At Mills College in Oakland California, far, far away from either of their homelands, Sophia Shen (born Siyang Shen) and Ingibjörg Friðriksdóttir started a band. The two, who were roommates while pursuing their master’s degrees in Electronic Music and Recording Media couldn’t have come from more different backgrounds.
Sophia hails from China, while Ingibjörg is Icelandic. Together they make up Apartment D, an ‘electro-improv’ duo that combines live electronic production with voice samples and the music of Sophia’s primary instrument the Pipa, a four-stringed traditional Chinese instrument that she plays with virtuoso skill.
Coming from such culturally and sonically different cultures, Apartment D (which in addition to the name of the group is the apartment that the two shared at Mills) is something entirely separate from any other music that’s being made today. Sophia attributes their sound in no small part to their cultural exchange.
“Ingibjörg is an amazing classically trained vocalist,” said Sophia. “Her singing is versatile. I learned pipa in the traditional style when I was in China. But we are both experimental in terms of creating music and we incorporate a lot of live electronic processing and improvisation in our performance. While communicating with each other in our second language, English, music has become our third language. Soon our native languages become distant from us, as we often use the rhythmic and tonal element of Icelandic and Chinese in our music, but detached from their connotation.”
Several of Apartment D’s performances are available to listen to here, and they’re definitely worth your consideration. Generally, I harbor a serious disdain for noisey music, that sort of inaccessible, pseudomusical stuff that’s become more and more popular in the last few years. Apartment D doesn’t invoke my ire, though. Ingibjörg’s haunting vocals pair up surprisingly nicely with Sophia’s Pipa, and the two together with electronic production creates a performance seriously unlike anything you’ve ever heard.
When discussing music, and more specifically the way that music sounds, the word haunting is often thrown around. Oftentimes reviewers will say something along the lines of “James Blake’s penetrating, raw voice on the third track is absolutely haunting.” That’s not haunting. What’s haunting is when you get halfway through Apartment D’s ‘Analog Improv’ track at three in the morning with the lights off, and Sophia’s manic, deft pipa play pairs up with Ingibjörg’s labored, freakish vocal performance. What’s even more haunting is when a poster falls off your wall at that same moment. Apartment D’s music is some real nightmare shit, but in a totally good way.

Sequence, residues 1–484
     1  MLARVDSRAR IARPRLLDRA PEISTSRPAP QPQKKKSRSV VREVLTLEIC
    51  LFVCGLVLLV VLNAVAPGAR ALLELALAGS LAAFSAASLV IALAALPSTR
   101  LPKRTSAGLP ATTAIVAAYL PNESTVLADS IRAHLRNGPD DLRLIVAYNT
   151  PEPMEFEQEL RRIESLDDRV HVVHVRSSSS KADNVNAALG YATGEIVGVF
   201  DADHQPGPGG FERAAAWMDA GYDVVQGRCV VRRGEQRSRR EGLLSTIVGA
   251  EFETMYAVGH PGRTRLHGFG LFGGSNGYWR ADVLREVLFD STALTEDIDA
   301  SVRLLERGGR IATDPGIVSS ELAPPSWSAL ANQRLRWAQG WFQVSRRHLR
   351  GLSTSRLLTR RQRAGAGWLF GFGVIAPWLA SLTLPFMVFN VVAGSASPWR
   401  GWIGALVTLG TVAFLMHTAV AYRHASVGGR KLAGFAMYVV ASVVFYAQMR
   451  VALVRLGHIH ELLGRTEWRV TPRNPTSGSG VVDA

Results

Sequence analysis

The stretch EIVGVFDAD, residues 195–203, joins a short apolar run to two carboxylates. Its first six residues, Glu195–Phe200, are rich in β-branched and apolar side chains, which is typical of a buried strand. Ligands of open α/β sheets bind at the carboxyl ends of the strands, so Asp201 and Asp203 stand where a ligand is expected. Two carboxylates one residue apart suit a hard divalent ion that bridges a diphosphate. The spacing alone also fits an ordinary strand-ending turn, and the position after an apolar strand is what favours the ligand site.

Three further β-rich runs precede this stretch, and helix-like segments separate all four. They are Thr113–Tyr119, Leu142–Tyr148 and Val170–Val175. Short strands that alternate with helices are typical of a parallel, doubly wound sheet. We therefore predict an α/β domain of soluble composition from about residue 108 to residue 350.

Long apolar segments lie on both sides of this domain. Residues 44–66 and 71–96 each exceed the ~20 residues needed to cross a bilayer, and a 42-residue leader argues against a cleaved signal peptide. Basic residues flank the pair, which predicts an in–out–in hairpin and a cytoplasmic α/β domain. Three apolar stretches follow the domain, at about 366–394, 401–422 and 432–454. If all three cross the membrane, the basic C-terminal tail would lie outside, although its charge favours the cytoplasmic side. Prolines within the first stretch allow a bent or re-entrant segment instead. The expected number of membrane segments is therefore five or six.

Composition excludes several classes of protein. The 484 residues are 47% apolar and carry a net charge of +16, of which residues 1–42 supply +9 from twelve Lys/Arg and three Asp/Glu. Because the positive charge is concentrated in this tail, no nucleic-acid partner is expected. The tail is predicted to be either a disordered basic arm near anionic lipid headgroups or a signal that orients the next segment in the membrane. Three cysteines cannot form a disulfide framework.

I’ve always subscribed to the idea that people like being scared. There’s a reason that we actively seek out scary movies, that we play scary games and tell scary stories. It’s a chemical thing, an adrenal thing. There’s not a whole lot in this world that feels better than that moment right after something scares the living shit out of you. Apartment D is the sort of music that makes you feel good, even if it’s frightening.
There’s more going on here than a simple spookshow, though. In addition to their absolute mastery over their respective instruments, the ladies of Apartment D are absolutely expert communicators. The stage and electronics serve as a medium for the conversation that occurs between Ingibjörg’s voice and Sophia’s pipa. The music is a constant give and take, an ebb and flow.
“You learn how to listen to each other when you improvise freely for a long time,” said Sophia. “We explore our cultures through daily conversations, sharing of food and various customs and began incorporating those elements in our creative practice. We learned how cultural differences manifest in a variety of ways, often complex and multi-layered, realizing unwritten rules which have formed our environment and behaviors within it.”
Currently, the duo are working on a sound and dance project with dancer Yang Yang.
“We’re currently working on a production of a short dance film ‘Between Heaven and Earth, Hovering,’” said Sophia. “It’s a collaborative work between music and dance. Originally it was a live performance that features our friend Yang Yang, an amazing choreographer and modern dancer from China. Different elements from both the Chinese and Icelandic cultures were carefully melded into a highly distilled and condensed performance experience. Yang Yang uses the traditional Chinese shuixiu (water sleeves) as an extension of her body and explores new pathways and movement patterns without referencing the symbolism of the traditional Chinese dance, while the music reinterprets the movement by blending the sound worlds of the Chinese traditional instrument pipa, Icelandic poem, vocal improvisation, live processed small objects and processed recordings from different locations. The music and dance reinforce each other and strive for the same concepts and aesthetics, developing into an immensely integrated theatrical performance that creates an imaginary reality from the distant memories.”
While you wait for that, feel free to check out Sophia and Ingibjörg’s respective websites.